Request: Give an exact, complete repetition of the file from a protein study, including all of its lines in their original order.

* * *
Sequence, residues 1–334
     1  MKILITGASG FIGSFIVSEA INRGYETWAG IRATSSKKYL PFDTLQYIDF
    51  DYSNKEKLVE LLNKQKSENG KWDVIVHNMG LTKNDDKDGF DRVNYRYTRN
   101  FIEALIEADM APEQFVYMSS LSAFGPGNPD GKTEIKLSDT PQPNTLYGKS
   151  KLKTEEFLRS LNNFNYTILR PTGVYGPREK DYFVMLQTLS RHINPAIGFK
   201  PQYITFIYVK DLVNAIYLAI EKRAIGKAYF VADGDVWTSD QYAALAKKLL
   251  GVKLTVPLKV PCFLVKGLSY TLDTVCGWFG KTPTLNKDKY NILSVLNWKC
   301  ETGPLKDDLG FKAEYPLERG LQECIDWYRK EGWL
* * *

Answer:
Sequence, residues 1–334
     1  MKILITGASG FIGSFIVSEA INRGYETWAG IRATSSKKYL PFDTLQYIDF
    51  DYSNKEKLVE LLNKQKSENG KWDVIVHNMG LTKNDDKDGF DRVNYRYTRN
   101  FIEALIEADM APEQFVYMSS LSAFGPGNPD GKTEIKLSDT PQPNTLYGKS
   151  KLKTEEFLRS LNNFNYTILR PTGVYGPREK DYFVMLQTLS RHINPAIGFK
   201  PQYITFIYVK DLVNAIYLAI EKRAIGKAYF VADGDVWTSD QYAALAKKLL
   251  GVKLTVPLKV PCFLVKGLSY TLDTVCGWFG KTPTLNKDKY NILSVLNWKC
   301  ETGPLKDDLG FKAEYPLERG LQECIDWYRK EGWL